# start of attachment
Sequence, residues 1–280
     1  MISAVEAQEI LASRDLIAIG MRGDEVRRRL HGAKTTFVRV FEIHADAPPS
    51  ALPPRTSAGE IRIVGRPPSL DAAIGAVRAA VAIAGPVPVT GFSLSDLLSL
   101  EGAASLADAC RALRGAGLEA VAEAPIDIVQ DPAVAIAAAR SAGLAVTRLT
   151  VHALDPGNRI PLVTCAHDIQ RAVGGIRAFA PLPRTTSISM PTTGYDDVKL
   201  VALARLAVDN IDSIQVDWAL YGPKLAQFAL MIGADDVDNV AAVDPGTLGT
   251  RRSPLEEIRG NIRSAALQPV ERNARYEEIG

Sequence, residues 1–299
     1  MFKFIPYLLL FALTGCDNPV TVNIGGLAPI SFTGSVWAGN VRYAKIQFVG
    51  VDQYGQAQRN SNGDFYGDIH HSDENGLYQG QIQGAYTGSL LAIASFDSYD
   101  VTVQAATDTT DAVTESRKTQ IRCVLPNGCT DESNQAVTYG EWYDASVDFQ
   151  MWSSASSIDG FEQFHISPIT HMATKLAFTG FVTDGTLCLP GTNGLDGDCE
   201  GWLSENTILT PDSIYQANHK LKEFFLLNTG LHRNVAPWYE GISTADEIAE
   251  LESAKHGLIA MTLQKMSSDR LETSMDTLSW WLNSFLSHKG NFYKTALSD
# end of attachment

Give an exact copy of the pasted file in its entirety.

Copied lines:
Sequence, residues 1–280
     1  MISAVEAQEI LASRDLIAIG MRGDEVRRRL HGAKTTFVRV FEIHADAPPS
    51  ALPPRTSAGE IRIVGRPPSL DAAIGAVRAA VAIAGPVPVT GFSLSDLLSL
   101  EGAASLADAC RALRGAGLEA VAEAPIDIVQ DPAVAIAAAR SAGLAVTRLT
   151  VHALDPGNRI PLVTCAHDIQ RAVGGIRAFA PLPRTTSISM PTTGYDDVKL
   201  VALARLAVDN IDSIQVDWAL YGPKLAQFAL MIGADDVDNV AAVDPGTLGT
   251  RRSPLEEIRG NIRSAALQPV ERNARYEEIG

Sequence, residues 1–299
     1  MFKFIPYLLL FALTGCDNPV TVNIGGLAPI SFTGSVWAGN VRYAKIQFVG
    51  VDQYGQAQRN SNGDFYGDIH HSDENGLYQG QIQGAYTGSL LAIASFDSYD
   101  VTVQAATDTT DAVTESRKTQ IRCVLPNGCT DESNQAVTYG EWYDASVDFQ
   151  MWSSASSIDG FEQFHISPIT HMATKLAFTG FVTDGTLCLP GTNGLDGDCE
   201  GWLSENTILT PDSIYQANHK LKEFFLLNTG LHRNVAPWYE GISTADEIAE
   251  LESAKHGLIA MTLQKMSSDR LETSMDTLSW WLNSFLSHKG NFYKTALSD